Originally published in Advancing ASEAN in the Digital Age Book, 14 November 2017.

 

Towards a Digitally-Enabled, Innovative, Inclusive and Integrated ASEAN Community

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The ASEAN Community has come to face with the reality of the digital age. Business models and ways of lives the world over are being altered by the transformative and expansive power of digital technologies. The widening reach of digital technologies has overcome the constraints of physical distance, opening markets for businesses as well as expanding the choices of product and services for consumers.

To stay ahead of the game, ASEAN must embrace the digital age and the era of technologies. To an extent, such recognition has been reflected in the AEC Blueprint 2025. As ASEAN strives to transcend from a production-driven economy to a productivity-driven economy, dedicated forward-looking elements on electronic commerce and technology commercialisation can be found side by side in the Blueprint with the softer infrastructures for development, from good regulatory practice to sustainable economic development and global megatrends.

The impact of digitisation will go beyond economics, affecting different aspects of our lives from government to governance, from how education and healthcare are delivered to how workers learn and get affected by new production processes. ASEAN’s resilience depends on its agility in dealing with such changes. Critical to this is the awareness of leaders, including policymakers and thought leaders, of how the digital age is changing the way we live, shaping our future.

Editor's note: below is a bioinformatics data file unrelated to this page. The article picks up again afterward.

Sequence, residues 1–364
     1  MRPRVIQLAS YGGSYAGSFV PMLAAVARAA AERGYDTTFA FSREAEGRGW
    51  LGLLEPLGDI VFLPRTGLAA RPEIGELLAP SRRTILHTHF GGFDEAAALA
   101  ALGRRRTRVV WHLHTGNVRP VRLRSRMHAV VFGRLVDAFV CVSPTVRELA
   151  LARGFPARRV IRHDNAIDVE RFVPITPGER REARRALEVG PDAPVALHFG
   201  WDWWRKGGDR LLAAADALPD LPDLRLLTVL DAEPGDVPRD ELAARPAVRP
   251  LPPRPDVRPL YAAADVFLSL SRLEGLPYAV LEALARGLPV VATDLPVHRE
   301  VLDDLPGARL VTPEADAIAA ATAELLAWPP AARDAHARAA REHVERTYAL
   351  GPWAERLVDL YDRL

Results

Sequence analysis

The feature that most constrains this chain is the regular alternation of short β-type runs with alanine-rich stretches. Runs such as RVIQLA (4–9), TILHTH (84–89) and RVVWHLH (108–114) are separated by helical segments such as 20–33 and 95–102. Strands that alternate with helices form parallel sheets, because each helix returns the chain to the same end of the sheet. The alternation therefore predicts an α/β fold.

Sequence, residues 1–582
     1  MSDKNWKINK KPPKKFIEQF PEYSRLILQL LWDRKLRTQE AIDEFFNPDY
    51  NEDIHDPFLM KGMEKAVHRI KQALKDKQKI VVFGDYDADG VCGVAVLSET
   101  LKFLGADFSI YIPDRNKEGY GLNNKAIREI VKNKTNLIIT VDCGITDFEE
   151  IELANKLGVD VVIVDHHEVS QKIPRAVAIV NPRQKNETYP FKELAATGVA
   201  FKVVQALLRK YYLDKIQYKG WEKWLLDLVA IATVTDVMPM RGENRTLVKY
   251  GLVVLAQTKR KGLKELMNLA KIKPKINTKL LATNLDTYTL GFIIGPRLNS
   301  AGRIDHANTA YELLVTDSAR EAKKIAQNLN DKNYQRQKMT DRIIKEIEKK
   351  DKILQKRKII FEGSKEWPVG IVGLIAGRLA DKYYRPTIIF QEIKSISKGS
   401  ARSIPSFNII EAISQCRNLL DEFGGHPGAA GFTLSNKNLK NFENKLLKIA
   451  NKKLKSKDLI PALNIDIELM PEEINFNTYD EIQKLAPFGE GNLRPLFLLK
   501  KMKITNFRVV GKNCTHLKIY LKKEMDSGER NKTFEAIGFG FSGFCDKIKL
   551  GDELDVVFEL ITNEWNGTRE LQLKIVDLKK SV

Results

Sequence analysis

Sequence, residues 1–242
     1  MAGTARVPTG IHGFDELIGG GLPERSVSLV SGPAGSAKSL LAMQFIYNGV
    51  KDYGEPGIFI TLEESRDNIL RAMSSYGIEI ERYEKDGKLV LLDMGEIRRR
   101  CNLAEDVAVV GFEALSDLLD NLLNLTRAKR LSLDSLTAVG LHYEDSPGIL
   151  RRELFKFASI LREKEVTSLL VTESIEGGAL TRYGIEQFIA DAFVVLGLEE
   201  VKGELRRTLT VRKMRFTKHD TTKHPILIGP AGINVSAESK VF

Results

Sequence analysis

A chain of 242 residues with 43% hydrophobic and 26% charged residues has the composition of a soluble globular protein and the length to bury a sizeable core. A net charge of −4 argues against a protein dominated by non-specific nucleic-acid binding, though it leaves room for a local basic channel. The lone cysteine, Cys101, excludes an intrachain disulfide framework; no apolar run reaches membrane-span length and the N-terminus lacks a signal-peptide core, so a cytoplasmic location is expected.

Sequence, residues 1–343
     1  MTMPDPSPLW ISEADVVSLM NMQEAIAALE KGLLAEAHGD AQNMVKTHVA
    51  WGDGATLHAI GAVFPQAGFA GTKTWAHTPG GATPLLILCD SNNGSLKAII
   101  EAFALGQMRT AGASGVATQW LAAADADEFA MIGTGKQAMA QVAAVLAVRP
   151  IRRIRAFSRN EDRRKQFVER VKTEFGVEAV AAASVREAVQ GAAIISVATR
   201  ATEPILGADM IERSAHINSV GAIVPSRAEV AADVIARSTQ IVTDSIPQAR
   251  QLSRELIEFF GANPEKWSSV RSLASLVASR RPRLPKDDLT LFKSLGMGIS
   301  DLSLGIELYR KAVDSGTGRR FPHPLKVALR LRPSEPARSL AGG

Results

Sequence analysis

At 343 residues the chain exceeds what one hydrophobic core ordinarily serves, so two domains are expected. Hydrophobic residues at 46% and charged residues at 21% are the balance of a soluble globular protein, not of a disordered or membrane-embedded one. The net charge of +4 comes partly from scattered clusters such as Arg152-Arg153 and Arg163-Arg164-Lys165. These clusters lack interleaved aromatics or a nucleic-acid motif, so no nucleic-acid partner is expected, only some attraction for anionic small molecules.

Electronic commerce (e-Commerce) is often the first thing that springs to mind when we discuss the digital age. Conversations often quickly go into how to ensure market actors, big and small, benefit from this new commercial platform, at the same time ensuring that the interests of buyers, sellers and regulators are safeguarded. Digitisation itself goes beyond e-Commerce, as it enables new approaches to deliver non-commercial services and organise production activities that would ultimately determine a country’s competitiveness in the global economy.

In practice, similar to previous industrial revolutions, the digital age brings about both positive economic transformation as well as polarising effects. Slower technological catch-up by the less developed economies will result in the digital divide among economies, further exacerbating the income and development gap. This is where the even-hand of informed and responsive policymaking finds its relevance. The digital transformation will leave few policy areas untouched and a holistic approach is needed to anticipate the effects of one policy area (or its lack of) on another, whether or not intended.

ASEAN, with a combined GDP of US$2.55 trillion and a total population of 630 million in 2016, is a fertile ground for a digital coming of age, albeit unevenly across membership. Nestled in the Asia-Pacific region – the world’s largest retail e-commerce market— ASEAN is well-positioned to cultivate the opportunities presented by the digital economy. It is forecasted that by 2030 digital technologies could potentially boost the region’s economy by US$220 billion to US$625 billion annually. The question is how to realise this potential as we work towards a digitally-ready ASEAN.

The recent establishment of the ASEAN Coordinating Committee on Electronic Commerce will help promote, coordinate and enhance efforts by various ASEAN sectoral bodies to promote the growth e-Commerce in ASEAN. It will also give impetus to the implementation of the ASEAN Work Programme on Electronic Commerce 2017-2025, which was adopted by the ASEAN Economic Ministers in September 2017. The Work Programme recognises the need for a holistic approach to e-Commerce in the region and covers multi-sectoral initiatives in the areas of infrastructure, education and technology competency, consumer protection, modernisation of the legal framework, security of electronic transactions, payment systems, trade facilitation, competition, logistics, and e-commerce framework.